On Tuesday, the Bowdoin Daily Sun posted an article lauding three Bowdoin students who secured internships at Goldman Sachs this summer. On Wednesday, the post was deleted from the site after drawing criticism for distastefully trumpeting the well-known fact that Bowdoin students often land prestigious internships, glorifying the financial industry, and neglecting to acknowledge two other students also interning at the bank.

What is perhaps most irksome about the Goldman Sachs post is that it undermines the prestige of the College. Bowdoin alumni have been employed by the firm for many years, so these five internships are hardly a new development. Furthermore, students garner impressive internships every summer in a variety of sectors—singularly championing the field of private wealth management is problematic. The post was distasteful in part because a Bowdoin education is not directed at securing a high-paying job on Wall Street; Barry Mills' NPR discussion this week about the priceless value of a liberal arts education makes this clear. Given the fact that peer colleges refrain from boasting about the career placements of their students, it is remiss for Bowdoin to do so.

Finally, all three students featured in the original post are female, while the two unmentioned Goldman interns are male. The story could have been a worthwhile profile of women in finance, but if that was the original intention, it was certainly not reflected in the headline, "Three students Selected as Goldman Sachs Interns."

The article is representative of many preceding posts on the Bowdoin Daily Sun that subtly tarnish the image of the College. Here are a few examples of what the Daily Sun considered worthy of disseminating to the Bowdoin community: "10 Things You May Not Know About the Titanic," "Wall Street Hires Watson, the Supercomputer 'Jeopardy!' Champ," "The Age You Can Stop Dieting," "On St. Patrick's Day, Luck May Pass You By," and "Take That, Fabio! Baldness Could Be Good for Your Health."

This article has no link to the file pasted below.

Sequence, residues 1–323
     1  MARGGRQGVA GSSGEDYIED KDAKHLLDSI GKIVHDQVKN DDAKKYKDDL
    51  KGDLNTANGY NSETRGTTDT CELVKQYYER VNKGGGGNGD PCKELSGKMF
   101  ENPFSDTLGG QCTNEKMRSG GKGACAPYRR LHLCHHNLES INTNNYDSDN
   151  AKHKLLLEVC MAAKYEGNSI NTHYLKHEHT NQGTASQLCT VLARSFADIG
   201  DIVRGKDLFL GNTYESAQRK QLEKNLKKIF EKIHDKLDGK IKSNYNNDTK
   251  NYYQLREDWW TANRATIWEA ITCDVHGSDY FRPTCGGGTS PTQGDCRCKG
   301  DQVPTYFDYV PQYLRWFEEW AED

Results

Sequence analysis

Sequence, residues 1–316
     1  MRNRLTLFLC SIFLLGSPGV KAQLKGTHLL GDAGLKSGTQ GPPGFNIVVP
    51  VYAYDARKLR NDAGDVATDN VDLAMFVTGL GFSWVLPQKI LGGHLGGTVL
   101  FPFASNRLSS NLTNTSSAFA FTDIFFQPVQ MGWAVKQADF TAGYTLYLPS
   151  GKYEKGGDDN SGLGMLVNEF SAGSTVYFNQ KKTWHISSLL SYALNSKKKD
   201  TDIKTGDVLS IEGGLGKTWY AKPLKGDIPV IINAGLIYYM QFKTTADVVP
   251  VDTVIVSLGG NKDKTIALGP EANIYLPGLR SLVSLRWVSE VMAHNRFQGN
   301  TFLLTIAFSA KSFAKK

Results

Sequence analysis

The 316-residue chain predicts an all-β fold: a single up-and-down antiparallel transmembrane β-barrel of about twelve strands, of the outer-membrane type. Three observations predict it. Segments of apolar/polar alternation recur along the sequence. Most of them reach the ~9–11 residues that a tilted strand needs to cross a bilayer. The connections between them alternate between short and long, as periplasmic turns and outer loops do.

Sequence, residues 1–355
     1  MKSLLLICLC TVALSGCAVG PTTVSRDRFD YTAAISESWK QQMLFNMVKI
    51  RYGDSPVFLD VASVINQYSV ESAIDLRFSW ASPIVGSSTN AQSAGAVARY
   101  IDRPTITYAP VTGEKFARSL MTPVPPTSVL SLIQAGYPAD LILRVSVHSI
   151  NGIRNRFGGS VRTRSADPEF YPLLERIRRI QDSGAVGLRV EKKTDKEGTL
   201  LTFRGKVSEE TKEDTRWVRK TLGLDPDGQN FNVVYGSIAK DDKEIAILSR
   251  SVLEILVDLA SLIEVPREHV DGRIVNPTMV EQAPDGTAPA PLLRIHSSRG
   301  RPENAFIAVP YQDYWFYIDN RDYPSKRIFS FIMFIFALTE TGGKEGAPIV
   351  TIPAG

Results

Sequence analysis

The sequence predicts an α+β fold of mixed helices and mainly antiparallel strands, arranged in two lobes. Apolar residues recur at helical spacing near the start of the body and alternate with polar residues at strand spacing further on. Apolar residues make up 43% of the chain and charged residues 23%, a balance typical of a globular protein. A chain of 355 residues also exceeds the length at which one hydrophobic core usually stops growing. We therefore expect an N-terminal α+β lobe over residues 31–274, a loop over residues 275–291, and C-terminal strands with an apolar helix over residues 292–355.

Rather than posting links to which cologne best attracts jaguars, like one June 2010 post, the site should feaure articles that are relevant to the College and representative of its values, such as its recent post on Art Museum security guard Dan Dowd's Saab-inspired photography exhibition, or the profiles of award-winning alumni. The insightful columns by development officer John Cross, President Barry Mills and other senior administrators are consistently informative, and we think they have pioneered a practice of communication that should be emulated by other leaders in higher education.

Granted, as a competing media outlet for the Bowdoin community, the Orient is by no means an impartial observer of the Bowdoin Daily Sun, and it would be something of an understatement to say that we are known to make mistakes from time to time. But the blog is an official mouthpiece of the College's administration, and trivial content is embarrassing if it is not directly pertinent to the Bowdoin community or tied to college life.

Stories with only tenuous connections to Bowdoin—like Patrick Dempsey's apparel choices—are often teased front-and-center on the College website, positioned next to official College news and academic information. Such poorly conceived posts do not do justice to the reputation of Bowdoin, and we hope the administration will raise the standard for what content is appropriate on the site.

The editorial represents the majority view of The Bowdoin Orient's editorial board, which is comprised of Erica Berry, Nick Daniels, Carlo Davis, Sam Frizell, Linda Kinstler, and Zoë Lescaze.